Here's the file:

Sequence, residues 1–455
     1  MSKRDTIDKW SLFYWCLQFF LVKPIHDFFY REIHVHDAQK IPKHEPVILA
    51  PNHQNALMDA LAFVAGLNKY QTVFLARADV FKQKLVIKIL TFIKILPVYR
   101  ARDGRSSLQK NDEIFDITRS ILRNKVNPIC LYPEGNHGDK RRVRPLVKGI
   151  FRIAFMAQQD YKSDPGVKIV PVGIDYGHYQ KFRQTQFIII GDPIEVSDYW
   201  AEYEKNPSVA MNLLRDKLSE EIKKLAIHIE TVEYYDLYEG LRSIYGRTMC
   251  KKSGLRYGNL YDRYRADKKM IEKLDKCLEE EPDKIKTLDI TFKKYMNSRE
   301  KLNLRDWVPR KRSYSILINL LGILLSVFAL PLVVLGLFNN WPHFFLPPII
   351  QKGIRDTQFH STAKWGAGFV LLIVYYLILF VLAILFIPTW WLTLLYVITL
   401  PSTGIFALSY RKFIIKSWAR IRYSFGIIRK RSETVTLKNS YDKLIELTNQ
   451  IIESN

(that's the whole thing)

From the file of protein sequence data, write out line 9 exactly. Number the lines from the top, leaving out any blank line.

   351  QKGIRDTQFH STAKWGAGFV LLIVYYLILF VLAILFIPTW WLTLLYVITL